Manufacturers benefit from this approach since they do not have to resort to product recalls when security flaws come to the fore. Nor do they have to suffer the fallout of bad publicity that follows such recalls. Thus, they can maintain high consumer confidence by giving due regard to the security of their embedded systems and ensuring that they safely connect with the cloud.
Simple Network Management Protocol
Simple Network Management Protocol or the SNMP is a well-known method for managing embedded systems as well as network equipment. The protocol currently in use is the 3rd iteration. It is known as SNMPv3.
SNMP is a protocol that controls a network management system, an agent, and the managed device.
The managed device simply refers to the device which connects with the network. The managed device implements the SNMP protocol.
SNMPv3 provides a layer of security via remote configuration, view-based access control, logical contexts for administration and authentication.
Enterprise solutions are also available to securely connect embedded devices to the cloud.
NMC (Network Management Center) of HP and Rendezvous messaging product of TIBCO are software solutions for managing embedded systems and networked devices. These solutions can quickly be adapted for implementation in devices that use SNMP.
Such software can be run in the cloud to monitor and manage cloud assets.
The proprietary solution NMC can be adapted for use with SNMP. Rendezvous and its various APIs are more flexible in comparison though to NMC.
According to the most conservative estimates, several billion embedded systems and IoT devices are connected with the cloud. Compared to what we see in reality, previous forecasts predicted many embedded systems and IoT devices connected with the cloud. So why did these forecasts fall short? The short answer is security threats.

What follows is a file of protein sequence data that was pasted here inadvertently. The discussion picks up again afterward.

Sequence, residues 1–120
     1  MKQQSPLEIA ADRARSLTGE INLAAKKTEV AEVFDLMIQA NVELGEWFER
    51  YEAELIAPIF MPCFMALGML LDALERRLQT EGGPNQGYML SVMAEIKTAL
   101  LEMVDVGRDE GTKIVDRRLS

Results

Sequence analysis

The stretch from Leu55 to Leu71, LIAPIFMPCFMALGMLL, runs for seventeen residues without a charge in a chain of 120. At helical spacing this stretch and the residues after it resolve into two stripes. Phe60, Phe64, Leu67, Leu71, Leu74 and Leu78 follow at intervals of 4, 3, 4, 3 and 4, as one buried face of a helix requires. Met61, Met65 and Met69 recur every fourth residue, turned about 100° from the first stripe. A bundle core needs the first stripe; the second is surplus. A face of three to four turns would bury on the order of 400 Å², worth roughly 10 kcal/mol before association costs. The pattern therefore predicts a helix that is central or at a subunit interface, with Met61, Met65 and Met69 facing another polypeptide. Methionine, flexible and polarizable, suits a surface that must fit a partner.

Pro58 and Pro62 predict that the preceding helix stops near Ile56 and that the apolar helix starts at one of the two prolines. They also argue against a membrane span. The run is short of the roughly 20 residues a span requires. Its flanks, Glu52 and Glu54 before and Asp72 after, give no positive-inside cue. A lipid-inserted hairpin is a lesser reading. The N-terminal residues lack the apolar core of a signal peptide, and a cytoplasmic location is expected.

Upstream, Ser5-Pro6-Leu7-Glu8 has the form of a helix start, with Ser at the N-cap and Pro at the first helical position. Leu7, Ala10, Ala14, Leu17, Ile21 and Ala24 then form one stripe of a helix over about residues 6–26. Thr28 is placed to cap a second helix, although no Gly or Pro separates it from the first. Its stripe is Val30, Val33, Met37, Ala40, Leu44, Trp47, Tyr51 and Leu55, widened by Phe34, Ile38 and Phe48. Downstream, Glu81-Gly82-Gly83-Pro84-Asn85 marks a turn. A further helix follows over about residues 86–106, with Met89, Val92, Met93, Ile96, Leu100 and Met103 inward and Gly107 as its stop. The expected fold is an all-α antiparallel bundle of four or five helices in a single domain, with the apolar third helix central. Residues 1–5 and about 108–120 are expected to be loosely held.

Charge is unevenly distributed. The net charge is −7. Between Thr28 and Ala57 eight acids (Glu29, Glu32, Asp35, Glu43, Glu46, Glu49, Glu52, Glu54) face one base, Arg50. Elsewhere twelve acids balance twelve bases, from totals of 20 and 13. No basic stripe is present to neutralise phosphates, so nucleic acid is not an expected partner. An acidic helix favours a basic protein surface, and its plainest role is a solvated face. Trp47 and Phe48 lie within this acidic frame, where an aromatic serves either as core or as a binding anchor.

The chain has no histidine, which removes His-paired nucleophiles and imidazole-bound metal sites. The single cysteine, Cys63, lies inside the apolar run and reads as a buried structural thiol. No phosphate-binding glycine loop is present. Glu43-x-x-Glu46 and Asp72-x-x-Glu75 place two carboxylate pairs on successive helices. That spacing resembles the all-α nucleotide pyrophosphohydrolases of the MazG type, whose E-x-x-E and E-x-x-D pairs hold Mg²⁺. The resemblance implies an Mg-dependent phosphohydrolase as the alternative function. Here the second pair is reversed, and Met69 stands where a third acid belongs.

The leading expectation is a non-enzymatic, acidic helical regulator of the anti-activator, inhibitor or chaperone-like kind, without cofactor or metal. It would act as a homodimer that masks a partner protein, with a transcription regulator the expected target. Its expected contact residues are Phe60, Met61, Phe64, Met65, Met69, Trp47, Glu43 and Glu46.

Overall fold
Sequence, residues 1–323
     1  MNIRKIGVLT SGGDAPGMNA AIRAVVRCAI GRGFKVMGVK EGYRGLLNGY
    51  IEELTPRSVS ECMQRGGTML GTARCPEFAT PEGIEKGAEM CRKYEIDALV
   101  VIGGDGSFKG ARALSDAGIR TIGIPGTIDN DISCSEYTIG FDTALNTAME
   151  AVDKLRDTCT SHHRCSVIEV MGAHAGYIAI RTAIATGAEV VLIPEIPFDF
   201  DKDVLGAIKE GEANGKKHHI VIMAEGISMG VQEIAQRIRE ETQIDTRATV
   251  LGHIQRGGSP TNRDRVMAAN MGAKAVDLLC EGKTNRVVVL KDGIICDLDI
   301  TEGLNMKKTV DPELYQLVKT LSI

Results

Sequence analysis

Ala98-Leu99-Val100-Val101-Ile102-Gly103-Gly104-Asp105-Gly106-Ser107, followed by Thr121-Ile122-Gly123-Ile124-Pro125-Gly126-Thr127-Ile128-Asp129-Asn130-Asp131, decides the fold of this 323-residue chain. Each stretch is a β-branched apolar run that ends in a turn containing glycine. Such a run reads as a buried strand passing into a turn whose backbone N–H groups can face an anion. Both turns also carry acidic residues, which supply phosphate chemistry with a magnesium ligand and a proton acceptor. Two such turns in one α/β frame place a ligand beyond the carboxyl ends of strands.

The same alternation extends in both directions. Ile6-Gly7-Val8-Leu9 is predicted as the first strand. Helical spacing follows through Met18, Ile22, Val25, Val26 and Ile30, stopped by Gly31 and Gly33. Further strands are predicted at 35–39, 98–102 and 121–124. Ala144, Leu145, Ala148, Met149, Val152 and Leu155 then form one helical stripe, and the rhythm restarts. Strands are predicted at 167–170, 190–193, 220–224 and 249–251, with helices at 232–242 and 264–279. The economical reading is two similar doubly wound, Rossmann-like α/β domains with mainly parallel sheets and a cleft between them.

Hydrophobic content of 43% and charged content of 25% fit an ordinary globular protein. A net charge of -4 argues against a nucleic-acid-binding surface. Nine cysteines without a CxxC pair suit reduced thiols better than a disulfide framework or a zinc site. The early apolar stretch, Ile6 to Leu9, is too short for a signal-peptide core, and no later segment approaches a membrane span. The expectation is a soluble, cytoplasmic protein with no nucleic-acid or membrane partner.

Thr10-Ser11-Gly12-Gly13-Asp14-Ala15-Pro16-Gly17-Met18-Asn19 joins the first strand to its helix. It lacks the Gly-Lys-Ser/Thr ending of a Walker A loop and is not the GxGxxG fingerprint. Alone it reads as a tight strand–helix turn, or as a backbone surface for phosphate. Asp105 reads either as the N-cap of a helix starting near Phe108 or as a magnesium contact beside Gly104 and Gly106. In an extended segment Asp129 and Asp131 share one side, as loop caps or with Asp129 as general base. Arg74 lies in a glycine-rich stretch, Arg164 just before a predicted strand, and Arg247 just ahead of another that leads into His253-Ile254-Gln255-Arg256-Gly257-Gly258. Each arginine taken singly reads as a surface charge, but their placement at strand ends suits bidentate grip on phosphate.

A secure connection between the cloud and embedded systems is necessary for IoT to realize its full potential. However, this security depends on two key factors.
Data recipient and sender identity must be verified beyond doubt. For this purpose, it is necessary that microcontrollers as well as other embedded systems have a unique identity that cannot be forged.
Encrypted Secure Cloud Connectivity for Embedded Systems
Message transmission should be done so that even if messages are intercepted, they cannot be deciphered and read by third parties. Only the sender and intended recipient should be capable of deciphering and reading this encrypted data.
Such needs are met by certificates of authentication and cryptographic keys that are integral to deciphering these encrypted messages.
The cryptographic keys together with the device identity constitute what is known as the root-of-trust. This is the most rudimentary facet of any secure network having IoT and embedded devices.
These are the fundamental conditions for secure cloud connectivity for embedded systems. Therefore, development centered around these essentials is critical for the proliferation and safe use of IoT and embedded devices.